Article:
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Archive for the ‘National’ Category

Freeing the Grid: Net Metering & Interconnection Best Practices

Tuesday, December 16th, 2014
definitions

INTERSTATE RENEWABLE ENERGY COUNCIL
VOTE SOLAR
One significant lesson that is apparent upon reviewing the wide variety of existing state standards is that inconsistency is the nemesis of clean energy development. It creates confusion among consumers, undermines the ability of businesses to operate efficiently across utility service territories or state lines,
and increases costs to all program participants — utilities, consumers, businesses and commission staff — by forcing these stakeholders to master the idiosyncrasies of each individual state’s programs.

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Transportation Infrastructure Investment: Impacts of the Federal Highway and Mass Transit Program

Monday, December 15th, 2014
Funding Assumptions for the Cases ($B)

TRANSPORTATION CONSTRUCTION COALITION
Federal transportation spending expands the capital stock of the US economy, drives the production and delivery of goods and services, and positively affects business and household incomes. It also enhances the transportation system’s operational capacity by reducing travel times and costs. This results in greater accessibility for individuals, households and businesses, more efficient delivery of goods and services, improved life styles and standards of living, and safer roadways.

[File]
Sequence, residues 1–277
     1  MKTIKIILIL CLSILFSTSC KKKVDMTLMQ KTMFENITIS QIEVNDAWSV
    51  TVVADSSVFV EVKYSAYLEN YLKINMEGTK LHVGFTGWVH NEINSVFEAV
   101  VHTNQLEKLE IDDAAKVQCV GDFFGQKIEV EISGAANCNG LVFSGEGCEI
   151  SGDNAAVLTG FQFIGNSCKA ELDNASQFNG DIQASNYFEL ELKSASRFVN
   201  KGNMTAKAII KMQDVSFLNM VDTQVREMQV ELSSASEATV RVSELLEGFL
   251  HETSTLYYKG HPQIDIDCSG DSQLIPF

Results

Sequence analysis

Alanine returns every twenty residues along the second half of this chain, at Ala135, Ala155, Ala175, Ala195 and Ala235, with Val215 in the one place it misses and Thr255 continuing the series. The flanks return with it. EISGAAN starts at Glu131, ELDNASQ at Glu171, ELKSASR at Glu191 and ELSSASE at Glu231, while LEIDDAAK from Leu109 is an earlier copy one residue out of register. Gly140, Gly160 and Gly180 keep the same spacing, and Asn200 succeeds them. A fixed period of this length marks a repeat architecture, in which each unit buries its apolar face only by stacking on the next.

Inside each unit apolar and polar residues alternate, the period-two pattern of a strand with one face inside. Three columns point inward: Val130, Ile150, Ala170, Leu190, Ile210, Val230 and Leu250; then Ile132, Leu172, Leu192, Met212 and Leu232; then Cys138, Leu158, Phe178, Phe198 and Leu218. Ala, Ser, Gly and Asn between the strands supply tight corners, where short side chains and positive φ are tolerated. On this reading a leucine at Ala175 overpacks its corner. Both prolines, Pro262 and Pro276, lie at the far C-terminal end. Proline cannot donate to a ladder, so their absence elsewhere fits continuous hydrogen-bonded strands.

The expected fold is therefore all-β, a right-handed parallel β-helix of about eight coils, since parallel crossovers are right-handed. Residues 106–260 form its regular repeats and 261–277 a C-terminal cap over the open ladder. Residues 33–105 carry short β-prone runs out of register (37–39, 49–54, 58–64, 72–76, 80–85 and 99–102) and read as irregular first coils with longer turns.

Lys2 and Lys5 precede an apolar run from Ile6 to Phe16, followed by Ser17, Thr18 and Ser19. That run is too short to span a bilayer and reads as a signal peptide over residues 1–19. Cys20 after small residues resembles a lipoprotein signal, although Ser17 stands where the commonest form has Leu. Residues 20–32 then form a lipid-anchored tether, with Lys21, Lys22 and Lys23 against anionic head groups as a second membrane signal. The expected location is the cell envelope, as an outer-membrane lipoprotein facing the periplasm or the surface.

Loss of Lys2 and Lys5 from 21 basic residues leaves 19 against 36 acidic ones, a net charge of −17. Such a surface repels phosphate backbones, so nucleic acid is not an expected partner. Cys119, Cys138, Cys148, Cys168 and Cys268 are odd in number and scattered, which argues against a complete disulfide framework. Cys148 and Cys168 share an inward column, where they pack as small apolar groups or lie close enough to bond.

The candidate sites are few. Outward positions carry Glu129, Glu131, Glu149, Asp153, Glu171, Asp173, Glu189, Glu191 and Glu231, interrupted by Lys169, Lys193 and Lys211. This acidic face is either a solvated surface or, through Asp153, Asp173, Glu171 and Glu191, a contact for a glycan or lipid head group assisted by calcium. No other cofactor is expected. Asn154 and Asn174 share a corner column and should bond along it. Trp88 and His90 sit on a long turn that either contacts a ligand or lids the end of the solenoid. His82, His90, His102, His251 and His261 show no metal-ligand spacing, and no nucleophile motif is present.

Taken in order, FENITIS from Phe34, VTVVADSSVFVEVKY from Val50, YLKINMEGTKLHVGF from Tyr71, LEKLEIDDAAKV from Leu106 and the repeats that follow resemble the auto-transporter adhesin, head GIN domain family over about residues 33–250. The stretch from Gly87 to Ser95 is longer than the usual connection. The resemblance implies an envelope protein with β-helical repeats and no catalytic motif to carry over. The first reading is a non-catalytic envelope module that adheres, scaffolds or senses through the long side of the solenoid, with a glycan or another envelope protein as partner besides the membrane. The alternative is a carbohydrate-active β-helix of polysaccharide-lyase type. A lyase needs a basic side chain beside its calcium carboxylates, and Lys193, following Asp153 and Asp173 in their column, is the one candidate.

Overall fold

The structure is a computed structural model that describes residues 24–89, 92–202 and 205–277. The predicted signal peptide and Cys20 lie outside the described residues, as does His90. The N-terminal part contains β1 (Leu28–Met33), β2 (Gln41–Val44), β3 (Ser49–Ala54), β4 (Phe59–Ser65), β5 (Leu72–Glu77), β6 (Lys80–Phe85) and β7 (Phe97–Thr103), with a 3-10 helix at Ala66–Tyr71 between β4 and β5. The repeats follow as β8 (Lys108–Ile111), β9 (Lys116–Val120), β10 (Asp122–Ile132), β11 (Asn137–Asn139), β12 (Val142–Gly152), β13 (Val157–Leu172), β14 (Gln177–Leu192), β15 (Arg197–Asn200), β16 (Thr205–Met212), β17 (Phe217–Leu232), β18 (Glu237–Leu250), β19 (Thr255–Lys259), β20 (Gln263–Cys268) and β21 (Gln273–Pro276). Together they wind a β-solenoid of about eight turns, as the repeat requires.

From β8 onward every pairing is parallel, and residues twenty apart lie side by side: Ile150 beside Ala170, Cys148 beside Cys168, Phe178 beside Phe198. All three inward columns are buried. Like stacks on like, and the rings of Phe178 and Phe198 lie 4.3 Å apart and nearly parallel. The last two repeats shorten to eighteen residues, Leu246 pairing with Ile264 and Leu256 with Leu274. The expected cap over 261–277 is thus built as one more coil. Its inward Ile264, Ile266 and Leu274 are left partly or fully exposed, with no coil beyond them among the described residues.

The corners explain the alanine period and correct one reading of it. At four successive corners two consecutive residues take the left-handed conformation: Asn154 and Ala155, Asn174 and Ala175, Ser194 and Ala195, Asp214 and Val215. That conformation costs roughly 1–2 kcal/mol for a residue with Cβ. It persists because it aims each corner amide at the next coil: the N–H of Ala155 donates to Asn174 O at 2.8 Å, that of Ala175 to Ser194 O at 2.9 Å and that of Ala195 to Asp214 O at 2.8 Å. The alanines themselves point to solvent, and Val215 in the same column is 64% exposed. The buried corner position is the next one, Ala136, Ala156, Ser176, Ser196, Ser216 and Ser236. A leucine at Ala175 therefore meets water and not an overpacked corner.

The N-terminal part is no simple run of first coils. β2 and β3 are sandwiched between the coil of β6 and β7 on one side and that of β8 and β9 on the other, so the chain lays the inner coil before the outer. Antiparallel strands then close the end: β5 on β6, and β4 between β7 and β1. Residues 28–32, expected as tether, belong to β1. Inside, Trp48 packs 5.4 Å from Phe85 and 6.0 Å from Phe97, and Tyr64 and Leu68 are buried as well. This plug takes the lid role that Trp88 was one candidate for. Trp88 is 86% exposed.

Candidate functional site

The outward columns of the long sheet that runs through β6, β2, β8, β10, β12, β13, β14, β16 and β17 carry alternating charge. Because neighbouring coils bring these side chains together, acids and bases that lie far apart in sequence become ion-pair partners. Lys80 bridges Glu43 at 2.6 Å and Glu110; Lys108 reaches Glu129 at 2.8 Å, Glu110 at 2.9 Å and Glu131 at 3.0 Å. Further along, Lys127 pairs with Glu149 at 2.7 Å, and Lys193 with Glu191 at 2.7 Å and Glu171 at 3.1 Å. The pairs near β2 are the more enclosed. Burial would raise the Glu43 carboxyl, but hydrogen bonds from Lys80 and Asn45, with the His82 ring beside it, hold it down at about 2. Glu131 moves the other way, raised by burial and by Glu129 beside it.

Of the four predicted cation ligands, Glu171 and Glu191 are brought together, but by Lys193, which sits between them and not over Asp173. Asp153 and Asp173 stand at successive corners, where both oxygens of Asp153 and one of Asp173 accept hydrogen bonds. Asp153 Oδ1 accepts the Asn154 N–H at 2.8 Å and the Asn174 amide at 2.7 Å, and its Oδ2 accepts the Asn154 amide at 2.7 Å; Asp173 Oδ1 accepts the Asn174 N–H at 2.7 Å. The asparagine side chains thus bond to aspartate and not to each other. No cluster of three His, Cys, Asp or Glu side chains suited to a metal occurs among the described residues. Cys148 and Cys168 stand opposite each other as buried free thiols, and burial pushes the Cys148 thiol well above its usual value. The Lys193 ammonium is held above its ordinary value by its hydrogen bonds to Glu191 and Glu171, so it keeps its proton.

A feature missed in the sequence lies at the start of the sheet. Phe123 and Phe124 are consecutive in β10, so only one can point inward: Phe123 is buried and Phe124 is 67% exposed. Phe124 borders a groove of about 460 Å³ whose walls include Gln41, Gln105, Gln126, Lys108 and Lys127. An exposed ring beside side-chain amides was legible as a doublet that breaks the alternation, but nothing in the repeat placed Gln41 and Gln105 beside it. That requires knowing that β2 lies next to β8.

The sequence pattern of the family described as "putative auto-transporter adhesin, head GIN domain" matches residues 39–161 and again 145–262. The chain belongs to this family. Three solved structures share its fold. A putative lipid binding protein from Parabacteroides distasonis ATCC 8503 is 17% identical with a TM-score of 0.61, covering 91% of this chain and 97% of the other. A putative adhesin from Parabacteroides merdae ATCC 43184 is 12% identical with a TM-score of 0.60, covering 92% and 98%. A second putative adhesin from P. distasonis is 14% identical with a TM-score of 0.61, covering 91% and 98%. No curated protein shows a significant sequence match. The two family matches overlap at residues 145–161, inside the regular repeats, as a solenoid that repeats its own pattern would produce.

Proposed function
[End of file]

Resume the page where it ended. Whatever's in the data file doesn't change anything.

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2015 AASHTO Transportation Bottom Line Report

Wednesday, December 10th, 2014
Highways and Bridges Maximum Economic Investments

AMERICAN ASSOCIATION OF STATE HIGHWAY AND TRANSPORTATION OFFICIALS (AASHTO)An annual investment of $120 billion for highways and bridges between 2015 and 2020 is necessary to improve the condition and performance of the system, given a rate of travel growth of 1.0 percent per year in vehicle miles of travel, which has been AASHTO’s sustainability goal, […]

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Rethinking Transportation Funding

Tuesday, December 9th, 2014

Innovation Newsbriefs
Vol. 25, No. 16
Has the time come to reconsider the way we pay for transportation? Should the Highway Trust Fund and its fuel tax revenue continue as the main source of funding for the federal transportation program? If not, what are the alternatives? And more broadly, is the age of long term reauthorizations and of heavy reliance on federal funding, drawing to a close?

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The Life and Death of the Highway Trust Fund

Wednesday, December 3rd, 2014
Eno Center for Transportation

ENO CENTER FOR TRANSPORTATION
The current federal program for funding surface transportation infrastructure in the United States is broken. Since 2008, the U.S. Highway Trust Fund (HTF) has repeatedly been on the brink of insolvency, necessitating five infusions from the U.S. Treasury’s General Fund. Many solutions have been proposed to stabilize funding for the federal surface transportation program, but each has confronted substantial political barriers. This study details the circumstances that have led the U.S. transportation program to its current funding situation and explores how other nations have created sustainable mechanisms for ensuring adequate national level investment in surface transportation systems.

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Practicing Risk-Aware Electricity Regulation

Tuesday, December 2nd, 2014